Thomas Quinn, president and CEO at Orrstown Financial Services Inc., has a plan for the future after the Federal Reserve Bank of Philadelphia lifted its consent order against his company.
But that immediate plan doesn’t involve restoring dividends or a quick acquisition.
“I’m going to go home and give my wife a much-needed kiss,” he said of the first item on his agenda. “And my kids. And tell them thank you for putting up with me over the last three or four years. I think that’s what we’re all doing. Kind of taking a step back.”
It’s hard to blame the Orrstown employees for basking in the glow, if only momentarily, of finally being out from under the thumb of a federal consent order that severely limited how the bank could conduct business since its institution in March 2012. The company announced Thursday it has fulfilled all of the stipulations of the Fed and has been released from the consent order that required strict government oversight.
Marilyn Wimp, spokeswoman for the Federal Reserve Bank of Philadelphia, confirmed late Monday the company has been released from the consent order.
“We have a plan for the future, and we’re going to be doing some really exciting things,” Quinn said Thursday. “We’re going to look for the right opportunities to expand the franchise but not forget what we’ve been through. I have tremendous respect for all the people who helped us work through this process and have a great appreciation for what it takes to get back.”
Orrstown has been under the formal watch of the Fed since March 2012 to make it remove its bad loans and to have tighter oversight from its board of directors. The Pennsylvania Department of Banking and Securities had a similar consent order against Orrstown, but loosened its restrictions in April 2014 and in February, terminated the agreement.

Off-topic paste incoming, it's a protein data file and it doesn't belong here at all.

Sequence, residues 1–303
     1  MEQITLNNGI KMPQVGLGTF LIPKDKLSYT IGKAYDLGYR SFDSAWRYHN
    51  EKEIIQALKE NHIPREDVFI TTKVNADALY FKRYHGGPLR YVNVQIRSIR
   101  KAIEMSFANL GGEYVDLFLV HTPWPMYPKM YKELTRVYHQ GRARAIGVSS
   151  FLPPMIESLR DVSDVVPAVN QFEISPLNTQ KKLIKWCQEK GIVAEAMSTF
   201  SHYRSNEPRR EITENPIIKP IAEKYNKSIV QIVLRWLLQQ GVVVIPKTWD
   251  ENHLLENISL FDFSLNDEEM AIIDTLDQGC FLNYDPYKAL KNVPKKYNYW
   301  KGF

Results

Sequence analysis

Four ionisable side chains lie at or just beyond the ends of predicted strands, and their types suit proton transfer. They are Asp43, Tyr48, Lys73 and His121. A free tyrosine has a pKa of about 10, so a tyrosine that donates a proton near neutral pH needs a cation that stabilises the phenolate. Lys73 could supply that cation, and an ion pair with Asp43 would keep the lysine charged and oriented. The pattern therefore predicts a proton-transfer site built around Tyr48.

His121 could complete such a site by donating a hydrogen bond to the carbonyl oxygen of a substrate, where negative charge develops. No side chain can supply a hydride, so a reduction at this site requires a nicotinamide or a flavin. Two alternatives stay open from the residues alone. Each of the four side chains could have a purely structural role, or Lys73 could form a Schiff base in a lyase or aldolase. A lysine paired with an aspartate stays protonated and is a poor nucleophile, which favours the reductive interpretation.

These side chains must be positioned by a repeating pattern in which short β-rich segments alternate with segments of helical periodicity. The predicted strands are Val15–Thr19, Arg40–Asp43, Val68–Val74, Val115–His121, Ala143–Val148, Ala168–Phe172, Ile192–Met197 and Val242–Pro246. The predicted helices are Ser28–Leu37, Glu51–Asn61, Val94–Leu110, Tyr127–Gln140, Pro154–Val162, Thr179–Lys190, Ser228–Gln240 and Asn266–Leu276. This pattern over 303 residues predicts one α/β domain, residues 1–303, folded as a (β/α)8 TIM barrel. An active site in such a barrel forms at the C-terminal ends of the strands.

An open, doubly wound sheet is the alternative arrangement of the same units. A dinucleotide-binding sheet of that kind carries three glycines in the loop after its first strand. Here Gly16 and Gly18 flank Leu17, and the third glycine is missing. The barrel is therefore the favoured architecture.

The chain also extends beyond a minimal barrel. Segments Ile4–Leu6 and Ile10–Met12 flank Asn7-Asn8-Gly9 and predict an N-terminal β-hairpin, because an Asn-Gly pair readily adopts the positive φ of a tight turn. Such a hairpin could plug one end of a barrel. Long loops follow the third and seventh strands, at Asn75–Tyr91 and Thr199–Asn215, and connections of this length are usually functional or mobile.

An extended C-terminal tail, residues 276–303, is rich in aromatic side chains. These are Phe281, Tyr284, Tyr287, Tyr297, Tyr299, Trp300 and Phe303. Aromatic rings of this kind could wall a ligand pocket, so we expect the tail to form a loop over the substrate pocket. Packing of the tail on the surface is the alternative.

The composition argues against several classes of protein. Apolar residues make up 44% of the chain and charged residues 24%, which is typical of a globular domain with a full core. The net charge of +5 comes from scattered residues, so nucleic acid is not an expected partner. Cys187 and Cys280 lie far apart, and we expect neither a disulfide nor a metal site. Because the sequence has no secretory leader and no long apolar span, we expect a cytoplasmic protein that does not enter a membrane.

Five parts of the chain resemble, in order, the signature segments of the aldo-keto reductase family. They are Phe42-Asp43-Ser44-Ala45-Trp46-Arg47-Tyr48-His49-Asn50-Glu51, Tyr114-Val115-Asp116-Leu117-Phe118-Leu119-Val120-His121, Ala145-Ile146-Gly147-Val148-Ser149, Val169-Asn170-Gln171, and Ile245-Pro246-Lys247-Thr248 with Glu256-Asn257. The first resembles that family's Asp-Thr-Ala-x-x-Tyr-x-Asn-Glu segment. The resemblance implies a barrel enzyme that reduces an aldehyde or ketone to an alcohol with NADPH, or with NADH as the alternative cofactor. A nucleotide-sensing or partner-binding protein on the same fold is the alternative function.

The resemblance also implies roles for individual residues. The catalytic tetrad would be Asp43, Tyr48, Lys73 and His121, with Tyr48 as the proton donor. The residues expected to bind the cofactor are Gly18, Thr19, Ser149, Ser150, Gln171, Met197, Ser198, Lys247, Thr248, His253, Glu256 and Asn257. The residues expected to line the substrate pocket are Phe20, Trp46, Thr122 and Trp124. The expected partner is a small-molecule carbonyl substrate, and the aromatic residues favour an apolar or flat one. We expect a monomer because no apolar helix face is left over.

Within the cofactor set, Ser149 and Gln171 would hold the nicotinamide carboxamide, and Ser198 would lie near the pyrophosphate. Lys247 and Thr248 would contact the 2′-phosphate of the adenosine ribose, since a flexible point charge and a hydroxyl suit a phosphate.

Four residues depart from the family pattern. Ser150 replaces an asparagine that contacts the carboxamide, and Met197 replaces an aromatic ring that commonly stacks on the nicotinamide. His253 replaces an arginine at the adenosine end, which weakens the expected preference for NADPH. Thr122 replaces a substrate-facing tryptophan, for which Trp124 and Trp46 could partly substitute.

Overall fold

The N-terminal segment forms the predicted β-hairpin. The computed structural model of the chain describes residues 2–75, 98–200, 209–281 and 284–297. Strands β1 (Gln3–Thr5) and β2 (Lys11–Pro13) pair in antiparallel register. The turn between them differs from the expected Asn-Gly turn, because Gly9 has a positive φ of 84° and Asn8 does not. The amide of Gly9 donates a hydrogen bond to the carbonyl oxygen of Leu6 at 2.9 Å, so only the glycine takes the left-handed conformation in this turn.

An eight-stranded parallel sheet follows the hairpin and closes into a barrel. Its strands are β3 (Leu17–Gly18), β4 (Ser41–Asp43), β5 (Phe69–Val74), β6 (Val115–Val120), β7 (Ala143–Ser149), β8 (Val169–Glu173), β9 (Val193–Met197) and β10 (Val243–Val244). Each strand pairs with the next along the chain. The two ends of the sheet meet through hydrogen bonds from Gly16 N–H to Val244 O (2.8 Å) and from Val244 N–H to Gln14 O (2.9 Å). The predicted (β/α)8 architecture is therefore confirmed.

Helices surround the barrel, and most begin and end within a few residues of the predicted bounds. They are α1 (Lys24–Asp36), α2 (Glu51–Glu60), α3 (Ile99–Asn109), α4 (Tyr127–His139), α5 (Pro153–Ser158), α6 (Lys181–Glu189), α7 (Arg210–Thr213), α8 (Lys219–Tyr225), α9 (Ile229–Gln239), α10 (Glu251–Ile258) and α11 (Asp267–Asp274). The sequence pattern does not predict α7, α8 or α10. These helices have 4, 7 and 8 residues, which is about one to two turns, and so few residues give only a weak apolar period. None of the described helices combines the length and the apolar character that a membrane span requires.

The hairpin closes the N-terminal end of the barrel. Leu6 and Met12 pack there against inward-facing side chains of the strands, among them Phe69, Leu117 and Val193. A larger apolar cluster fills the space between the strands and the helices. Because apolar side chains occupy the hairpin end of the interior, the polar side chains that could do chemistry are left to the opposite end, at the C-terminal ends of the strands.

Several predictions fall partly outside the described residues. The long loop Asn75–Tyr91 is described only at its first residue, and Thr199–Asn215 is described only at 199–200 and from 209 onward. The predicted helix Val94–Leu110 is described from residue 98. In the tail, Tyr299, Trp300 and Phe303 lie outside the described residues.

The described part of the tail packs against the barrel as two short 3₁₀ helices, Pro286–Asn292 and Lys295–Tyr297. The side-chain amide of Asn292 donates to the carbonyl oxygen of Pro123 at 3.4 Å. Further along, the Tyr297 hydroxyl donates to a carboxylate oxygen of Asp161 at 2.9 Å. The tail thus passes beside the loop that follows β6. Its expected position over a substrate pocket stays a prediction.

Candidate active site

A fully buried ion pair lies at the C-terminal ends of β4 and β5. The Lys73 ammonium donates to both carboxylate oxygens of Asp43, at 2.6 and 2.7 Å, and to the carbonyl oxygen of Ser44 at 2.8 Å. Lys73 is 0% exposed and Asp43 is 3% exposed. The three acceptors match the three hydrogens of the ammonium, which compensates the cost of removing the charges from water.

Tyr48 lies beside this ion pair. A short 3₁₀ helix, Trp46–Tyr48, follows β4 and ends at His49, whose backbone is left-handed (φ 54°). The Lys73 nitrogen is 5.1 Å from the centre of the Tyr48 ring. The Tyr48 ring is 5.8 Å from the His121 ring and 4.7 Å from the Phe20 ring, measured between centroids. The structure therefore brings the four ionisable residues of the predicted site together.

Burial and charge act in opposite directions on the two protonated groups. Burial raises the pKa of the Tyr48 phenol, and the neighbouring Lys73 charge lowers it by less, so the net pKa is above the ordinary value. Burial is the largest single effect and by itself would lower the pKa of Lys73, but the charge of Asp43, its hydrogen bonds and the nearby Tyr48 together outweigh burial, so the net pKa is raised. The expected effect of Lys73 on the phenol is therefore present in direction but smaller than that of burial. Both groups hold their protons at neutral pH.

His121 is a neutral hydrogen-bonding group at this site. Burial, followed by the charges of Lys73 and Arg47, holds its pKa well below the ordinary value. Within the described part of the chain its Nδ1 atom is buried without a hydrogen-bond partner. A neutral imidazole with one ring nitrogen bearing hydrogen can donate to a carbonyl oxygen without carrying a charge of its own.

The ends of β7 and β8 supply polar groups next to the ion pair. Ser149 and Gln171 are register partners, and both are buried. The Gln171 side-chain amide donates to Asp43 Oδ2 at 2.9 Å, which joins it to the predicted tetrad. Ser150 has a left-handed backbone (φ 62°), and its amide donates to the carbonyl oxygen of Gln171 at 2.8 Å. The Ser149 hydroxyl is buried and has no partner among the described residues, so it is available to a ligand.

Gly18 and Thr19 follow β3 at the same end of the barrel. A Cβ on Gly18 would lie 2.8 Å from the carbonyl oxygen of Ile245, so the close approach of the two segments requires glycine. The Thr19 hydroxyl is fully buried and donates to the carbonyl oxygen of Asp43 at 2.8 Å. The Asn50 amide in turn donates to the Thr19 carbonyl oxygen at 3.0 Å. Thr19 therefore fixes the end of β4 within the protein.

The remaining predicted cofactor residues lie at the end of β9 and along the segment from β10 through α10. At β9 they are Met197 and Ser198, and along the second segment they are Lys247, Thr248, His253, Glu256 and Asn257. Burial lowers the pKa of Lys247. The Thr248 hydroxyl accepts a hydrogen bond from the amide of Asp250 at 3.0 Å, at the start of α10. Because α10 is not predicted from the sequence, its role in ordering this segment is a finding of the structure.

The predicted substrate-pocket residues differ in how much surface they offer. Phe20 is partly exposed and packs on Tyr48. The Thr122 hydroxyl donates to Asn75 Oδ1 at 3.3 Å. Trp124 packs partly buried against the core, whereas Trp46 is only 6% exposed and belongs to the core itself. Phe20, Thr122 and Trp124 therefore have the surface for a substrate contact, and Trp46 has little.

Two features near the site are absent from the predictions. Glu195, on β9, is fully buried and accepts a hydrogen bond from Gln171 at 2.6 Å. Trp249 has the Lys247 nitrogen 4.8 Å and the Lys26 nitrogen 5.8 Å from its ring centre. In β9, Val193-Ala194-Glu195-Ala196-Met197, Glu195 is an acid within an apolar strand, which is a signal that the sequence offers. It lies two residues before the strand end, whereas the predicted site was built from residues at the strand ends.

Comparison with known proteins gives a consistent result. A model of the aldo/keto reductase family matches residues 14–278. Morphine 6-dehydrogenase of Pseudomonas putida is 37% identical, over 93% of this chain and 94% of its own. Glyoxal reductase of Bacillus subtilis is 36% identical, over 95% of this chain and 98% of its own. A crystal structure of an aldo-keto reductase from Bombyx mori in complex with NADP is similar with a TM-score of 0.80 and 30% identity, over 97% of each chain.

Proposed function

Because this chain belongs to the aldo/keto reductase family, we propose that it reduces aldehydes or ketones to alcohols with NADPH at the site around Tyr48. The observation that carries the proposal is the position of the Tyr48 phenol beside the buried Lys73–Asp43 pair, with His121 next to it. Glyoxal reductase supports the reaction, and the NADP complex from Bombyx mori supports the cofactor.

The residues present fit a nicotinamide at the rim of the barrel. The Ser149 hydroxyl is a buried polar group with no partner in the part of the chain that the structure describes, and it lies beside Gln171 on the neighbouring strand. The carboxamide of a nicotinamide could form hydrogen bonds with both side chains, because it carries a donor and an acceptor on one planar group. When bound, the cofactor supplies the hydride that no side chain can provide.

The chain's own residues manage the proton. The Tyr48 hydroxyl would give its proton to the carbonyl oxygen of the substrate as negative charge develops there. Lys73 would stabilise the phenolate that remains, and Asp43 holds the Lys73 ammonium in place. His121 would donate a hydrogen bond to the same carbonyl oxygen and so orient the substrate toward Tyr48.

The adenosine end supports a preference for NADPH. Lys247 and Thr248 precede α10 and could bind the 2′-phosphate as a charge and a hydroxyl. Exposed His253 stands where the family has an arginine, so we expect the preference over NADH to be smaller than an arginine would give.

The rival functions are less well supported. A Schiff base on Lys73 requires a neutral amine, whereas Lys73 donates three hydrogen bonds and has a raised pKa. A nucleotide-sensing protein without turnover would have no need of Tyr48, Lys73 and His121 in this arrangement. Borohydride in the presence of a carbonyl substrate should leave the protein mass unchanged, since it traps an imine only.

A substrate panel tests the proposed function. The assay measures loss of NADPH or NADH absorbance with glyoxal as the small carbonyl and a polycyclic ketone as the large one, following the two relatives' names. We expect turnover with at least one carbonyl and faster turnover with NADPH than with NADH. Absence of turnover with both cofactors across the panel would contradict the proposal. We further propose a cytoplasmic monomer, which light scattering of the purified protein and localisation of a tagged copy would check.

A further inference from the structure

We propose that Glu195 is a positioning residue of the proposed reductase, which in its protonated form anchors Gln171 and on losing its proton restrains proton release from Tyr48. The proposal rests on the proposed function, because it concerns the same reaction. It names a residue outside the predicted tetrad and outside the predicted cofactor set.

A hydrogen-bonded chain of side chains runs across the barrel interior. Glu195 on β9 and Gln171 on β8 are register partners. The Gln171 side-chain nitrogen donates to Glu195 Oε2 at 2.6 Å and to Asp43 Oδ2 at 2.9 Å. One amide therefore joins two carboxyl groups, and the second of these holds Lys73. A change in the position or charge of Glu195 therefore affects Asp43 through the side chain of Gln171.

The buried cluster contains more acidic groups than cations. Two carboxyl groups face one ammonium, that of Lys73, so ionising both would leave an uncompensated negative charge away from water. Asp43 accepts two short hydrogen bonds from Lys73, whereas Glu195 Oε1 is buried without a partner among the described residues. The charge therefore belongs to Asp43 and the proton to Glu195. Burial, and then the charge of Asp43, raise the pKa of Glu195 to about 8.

During the three years of federal watch, the bank has not been allowed to award stockholder dividends or expand its presence through acquisition, among other things. Most decisions on the direction of the bank had to first be approved by the Fed.
Quinn said the lack of dividend awards likely was the hardest part of the consent order. He said he took calls from shareholders very often who have been asking when they will be restored. He heard stories of retirees who used the dividend check to buy Christmas presents for family and friends.
“I kept a list (of shareholders who contacted him about dividends),” he said. “Today I called many of them, not all of them, but many of them, to tell them where we are today. I think our team has been doing that all day too.”
There has been no announcement of when exactly the company will award dividends.
Free from the federal watch, the bank said in an investor presentation in February that it would see a cost savings of between $1 million and $1.5 million within nine to 12 months of the order’s removal.
Orrstown trades its shares on the NASDAQ exchange under the ticker symbol ORRF and has about $1.2 billion in assets.
When news came down around 11 a.m. of the order termination, the company’s stock sat around $16.71. By about 2:30 p.m., it was at $17.06 and climbing, a rise of about 2 percent.